Chapter 3b

Public Promenades

by Jagor Icon

How many of the prettiest natives are of perfectly unmixed blood is difficult to decide.

Many of them are very fair and of quite an European type. They are easily distinguished from their sisters in the outlying provinces.

The immediate environs of Manila can boast many beautiful spots, but they are not the resort of the local rank and fashion, the object of whose daily promenade is the display of their toilettes, and not the enjoyment of nature.

In the hot season, all who can afford it are driven every evening along the dusty streets to a scanty promenade on the beach, where several times a week the band of a native regiment plays some capital music, and there walk formally up and down. All the Spaniards are in uniform or in black frock coats.

When the bells ring out for evening prayer, carriages, horsemen, pedestrians, all suddenly stand motionless ; the men take off their hats, and everybody appears momentarily absorbed in prayer.

The same governor who laid out the promenade established a botanical garden. It is true that everything he planted in it, exposed on a marshy soil to the full heat of a powerful sun, soon faded away; but its ground was enclosed and laid out, and though it was overgrown with weeds, it had at least received a name. At present it is probably in a better condition.

  • The raw materials of these adventures were supplied by a French planter, M. de la Gironière, but their literary parent is avowedly Alexander Dumus.

† Botanical gardens do not seem to prosper under Spanish auspices.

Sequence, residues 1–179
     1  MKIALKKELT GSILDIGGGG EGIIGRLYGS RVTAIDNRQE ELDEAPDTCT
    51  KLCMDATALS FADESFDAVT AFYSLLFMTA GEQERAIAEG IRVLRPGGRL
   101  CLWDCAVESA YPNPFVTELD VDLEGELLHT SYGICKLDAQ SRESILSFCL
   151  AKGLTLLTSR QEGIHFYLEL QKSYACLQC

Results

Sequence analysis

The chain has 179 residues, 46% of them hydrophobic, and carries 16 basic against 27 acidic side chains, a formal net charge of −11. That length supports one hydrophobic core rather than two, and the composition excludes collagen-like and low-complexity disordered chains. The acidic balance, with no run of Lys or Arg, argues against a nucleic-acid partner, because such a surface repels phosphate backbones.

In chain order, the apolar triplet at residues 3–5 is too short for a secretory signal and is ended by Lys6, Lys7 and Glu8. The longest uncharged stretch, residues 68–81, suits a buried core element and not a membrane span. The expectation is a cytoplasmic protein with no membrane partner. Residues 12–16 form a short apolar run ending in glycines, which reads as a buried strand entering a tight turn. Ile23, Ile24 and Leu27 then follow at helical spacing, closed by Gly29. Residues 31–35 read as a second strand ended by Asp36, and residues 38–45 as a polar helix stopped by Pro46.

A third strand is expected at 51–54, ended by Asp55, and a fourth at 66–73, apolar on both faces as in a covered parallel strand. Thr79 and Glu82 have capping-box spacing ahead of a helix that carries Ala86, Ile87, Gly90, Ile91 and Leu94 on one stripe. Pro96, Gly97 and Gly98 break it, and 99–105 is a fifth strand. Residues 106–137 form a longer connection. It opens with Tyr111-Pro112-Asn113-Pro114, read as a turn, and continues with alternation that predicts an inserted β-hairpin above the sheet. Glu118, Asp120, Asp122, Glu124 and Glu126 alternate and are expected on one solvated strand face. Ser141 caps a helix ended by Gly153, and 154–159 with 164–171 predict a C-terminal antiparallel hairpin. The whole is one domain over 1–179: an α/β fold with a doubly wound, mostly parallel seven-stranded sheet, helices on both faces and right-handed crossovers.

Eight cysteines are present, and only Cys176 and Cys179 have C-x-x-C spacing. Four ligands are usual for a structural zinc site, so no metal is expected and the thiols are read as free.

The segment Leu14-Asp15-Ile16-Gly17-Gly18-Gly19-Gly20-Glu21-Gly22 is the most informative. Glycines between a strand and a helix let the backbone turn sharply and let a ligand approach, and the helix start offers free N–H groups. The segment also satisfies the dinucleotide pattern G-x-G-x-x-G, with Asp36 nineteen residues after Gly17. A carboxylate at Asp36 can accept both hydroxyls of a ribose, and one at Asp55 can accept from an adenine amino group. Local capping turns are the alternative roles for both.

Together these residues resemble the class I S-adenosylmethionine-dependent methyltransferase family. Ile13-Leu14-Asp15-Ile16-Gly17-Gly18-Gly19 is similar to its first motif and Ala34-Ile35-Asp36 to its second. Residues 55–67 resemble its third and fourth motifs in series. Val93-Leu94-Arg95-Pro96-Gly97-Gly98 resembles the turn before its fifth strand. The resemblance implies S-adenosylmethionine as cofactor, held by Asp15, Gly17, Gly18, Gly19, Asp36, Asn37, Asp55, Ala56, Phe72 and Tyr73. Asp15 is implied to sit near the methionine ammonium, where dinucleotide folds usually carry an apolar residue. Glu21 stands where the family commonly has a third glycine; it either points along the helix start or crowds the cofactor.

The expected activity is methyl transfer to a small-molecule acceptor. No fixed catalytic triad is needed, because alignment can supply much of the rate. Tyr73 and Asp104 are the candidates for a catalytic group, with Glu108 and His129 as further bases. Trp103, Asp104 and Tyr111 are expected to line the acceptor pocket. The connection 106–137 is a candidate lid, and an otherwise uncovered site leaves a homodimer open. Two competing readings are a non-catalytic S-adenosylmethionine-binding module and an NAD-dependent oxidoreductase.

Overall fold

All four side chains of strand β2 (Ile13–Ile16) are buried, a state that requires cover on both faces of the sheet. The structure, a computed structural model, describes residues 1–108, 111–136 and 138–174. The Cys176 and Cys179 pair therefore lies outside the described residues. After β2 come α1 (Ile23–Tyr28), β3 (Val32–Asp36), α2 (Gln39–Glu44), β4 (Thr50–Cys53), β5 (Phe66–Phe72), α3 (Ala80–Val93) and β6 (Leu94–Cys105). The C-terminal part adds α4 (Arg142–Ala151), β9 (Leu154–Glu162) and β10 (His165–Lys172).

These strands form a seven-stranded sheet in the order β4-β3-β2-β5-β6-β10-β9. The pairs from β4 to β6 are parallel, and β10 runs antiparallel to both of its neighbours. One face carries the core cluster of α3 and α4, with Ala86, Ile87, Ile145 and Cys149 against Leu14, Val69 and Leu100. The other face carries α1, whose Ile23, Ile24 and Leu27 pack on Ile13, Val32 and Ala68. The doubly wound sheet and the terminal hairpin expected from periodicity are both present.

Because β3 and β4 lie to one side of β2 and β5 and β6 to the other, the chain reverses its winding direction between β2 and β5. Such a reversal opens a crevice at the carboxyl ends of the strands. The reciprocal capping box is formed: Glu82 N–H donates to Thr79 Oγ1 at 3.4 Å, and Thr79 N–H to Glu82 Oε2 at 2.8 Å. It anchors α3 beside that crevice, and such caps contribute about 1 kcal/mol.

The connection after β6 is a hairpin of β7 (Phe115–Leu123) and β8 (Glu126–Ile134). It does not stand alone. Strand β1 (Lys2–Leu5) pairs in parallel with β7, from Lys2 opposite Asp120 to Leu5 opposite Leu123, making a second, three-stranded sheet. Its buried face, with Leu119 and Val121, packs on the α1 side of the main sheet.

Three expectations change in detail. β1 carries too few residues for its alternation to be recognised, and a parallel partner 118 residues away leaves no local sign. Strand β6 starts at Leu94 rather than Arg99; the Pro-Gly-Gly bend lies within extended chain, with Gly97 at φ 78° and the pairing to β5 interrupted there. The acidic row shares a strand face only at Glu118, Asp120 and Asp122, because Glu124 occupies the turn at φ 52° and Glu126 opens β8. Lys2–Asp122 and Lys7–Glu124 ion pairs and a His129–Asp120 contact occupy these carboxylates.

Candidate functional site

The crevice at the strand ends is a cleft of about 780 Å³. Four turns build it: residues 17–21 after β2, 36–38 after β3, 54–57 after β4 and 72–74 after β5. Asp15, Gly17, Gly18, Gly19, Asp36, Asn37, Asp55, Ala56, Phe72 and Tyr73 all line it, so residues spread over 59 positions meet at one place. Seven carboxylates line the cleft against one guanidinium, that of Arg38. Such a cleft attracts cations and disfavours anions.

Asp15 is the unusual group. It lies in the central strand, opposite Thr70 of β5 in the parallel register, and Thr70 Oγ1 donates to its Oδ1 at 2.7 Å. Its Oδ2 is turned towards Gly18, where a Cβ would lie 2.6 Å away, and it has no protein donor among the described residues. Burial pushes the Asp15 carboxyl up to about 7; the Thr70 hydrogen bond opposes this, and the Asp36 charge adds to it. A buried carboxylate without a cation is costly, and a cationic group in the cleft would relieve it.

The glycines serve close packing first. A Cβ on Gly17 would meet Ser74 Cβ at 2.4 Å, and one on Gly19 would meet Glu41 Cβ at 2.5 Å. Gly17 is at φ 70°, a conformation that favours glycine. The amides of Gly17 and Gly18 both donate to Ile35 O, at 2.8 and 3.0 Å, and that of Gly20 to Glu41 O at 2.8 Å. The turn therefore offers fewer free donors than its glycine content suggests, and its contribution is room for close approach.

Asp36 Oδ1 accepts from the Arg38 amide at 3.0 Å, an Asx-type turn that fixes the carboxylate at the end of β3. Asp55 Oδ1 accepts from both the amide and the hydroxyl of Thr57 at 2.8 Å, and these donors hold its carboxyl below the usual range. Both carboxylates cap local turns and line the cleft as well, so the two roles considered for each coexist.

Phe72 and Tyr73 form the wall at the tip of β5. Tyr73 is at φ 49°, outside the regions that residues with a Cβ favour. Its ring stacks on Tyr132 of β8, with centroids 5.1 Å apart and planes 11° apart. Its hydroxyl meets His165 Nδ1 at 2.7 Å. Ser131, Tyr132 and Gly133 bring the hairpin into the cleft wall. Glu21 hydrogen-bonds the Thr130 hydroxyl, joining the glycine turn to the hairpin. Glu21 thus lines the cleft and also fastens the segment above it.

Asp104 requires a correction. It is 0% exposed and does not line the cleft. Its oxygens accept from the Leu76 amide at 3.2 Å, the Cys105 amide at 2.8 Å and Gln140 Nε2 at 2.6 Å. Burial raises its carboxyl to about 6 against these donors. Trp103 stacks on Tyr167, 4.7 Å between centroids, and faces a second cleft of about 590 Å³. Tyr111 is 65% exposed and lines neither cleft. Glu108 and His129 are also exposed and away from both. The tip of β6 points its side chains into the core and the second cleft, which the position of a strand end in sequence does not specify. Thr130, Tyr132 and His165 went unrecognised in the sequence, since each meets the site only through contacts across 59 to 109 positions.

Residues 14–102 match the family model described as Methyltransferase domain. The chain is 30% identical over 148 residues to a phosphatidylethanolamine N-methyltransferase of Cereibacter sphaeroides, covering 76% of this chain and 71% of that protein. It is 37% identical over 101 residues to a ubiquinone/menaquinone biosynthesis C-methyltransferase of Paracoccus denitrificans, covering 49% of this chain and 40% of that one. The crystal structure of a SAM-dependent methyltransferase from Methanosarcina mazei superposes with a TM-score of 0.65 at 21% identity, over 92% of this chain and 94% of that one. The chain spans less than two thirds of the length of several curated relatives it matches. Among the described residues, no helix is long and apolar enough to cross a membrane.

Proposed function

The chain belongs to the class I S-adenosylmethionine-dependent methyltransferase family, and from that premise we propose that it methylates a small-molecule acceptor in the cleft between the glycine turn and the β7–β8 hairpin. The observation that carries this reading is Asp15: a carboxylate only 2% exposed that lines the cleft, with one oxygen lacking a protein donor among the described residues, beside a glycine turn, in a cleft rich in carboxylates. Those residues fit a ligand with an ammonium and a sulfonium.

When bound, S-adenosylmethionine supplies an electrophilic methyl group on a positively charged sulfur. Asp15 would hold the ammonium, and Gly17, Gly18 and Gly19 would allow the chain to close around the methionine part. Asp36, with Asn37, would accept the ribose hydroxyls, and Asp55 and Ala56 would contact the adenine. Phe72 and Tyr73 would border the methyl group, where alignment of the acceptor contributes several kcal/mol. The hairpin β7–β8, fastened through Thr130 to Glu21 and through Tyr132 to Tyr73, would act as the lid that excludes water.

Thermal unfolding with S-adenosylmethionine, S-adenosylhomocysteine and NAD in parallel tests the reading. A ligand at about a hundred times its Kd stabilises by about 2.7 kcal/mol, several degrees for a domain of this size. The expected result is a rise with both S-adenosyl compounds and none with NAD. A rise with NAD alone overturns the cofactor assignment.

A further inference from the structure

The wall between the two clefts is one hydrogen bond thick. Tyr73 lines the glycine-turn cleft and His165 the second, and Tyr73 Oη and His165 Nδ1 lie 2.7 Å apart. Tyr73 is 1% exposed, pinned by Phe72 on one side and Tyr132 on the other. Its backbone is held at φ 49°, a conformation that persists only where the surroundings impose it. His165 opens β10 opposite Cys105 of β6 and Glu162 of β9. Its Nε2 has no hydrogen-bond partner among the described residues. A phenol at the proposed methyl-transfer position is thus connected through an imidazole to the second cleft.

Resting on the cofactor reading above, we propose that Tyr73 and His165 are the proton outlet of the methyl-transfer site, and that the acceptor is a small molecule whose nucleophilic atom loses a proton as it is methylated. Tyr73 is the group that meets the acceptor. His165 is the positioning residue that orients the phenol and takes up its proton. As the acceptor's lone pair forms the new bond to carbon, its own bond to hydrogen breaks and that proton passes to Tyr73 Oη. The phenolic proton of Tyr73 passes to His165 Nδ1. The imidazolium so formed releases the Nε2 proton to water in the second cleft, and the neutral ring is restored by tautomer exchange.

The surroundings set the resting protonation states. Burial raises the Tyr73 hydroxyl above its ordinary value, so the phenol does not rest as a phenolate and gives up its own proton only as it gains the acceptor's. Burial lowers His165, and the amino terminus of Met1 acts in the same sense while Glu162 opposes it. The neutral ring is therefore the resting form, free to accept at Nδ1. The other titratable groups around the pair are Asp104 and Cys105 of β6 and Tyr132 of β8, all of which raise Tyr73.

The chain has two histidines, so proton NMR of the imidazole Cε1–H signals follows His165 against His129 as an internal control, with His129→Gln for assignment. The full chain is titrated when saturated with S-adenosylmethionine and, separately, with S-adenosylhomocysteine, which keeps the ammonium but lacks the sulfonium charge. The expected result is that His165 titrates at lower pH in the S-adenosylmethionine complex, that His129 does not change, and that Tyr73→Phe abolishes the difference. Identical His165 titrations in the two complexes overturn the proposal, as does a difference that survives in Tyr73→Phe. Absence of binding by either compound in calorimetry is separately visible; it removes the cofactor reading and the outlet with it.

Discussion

Chamisso complains that, in his day, there were no traces left of the botanical gardens founded at Cavite by the learned Cuellar. The gardens at Madrid, even, are in a sorry plight; its hothouses are almost empty. The grounds which were laid out at great expense by a wealthy and patriotic Spaniard at Orotava (Teneriffe), a spot whose climate has been of the greatest service to invalids, are rapidly going to decay. Every year a considerable gum is appropriated to it in the national budget, but scarcely a fraction of it ever reaches Orotava. When I was there in 1867, the gardeners had received no salary for twenty-two months, all the workmen were dismissed, and even the indispensable water supply had been cut off.

The religious festivals in the neighbourhood of Manila are well worth a visit, if only for the sake of the numerous pretty Indian and half-caste women who make their appearance in the evening and walk up and down the streets, which are illuminated and profusely decked with flowers and bright colours. They offer a charming spectacle, particularly to a stranger lately arrived from Malaysia. The Indian women are very beautifully formed. They have luxuriant black hair, and large dark eyes ; the upper part of their bodies is clad in a homespun but often costly material of transparent fineness and snow-white purity; and, from their waist downwards, they are wrapped in a brightly-striped cloth (saya), which falls in broad folds, and which, as far as the knee, is so tightly compressed with a dark shawl (tapis), closely drawn around the figure, that the rich varie

gated folds of the saya burst out Tagal Girl,

beneath it like the blossoms of Dressed in sarong, tapis, chemise, and a pomegranate. This swathing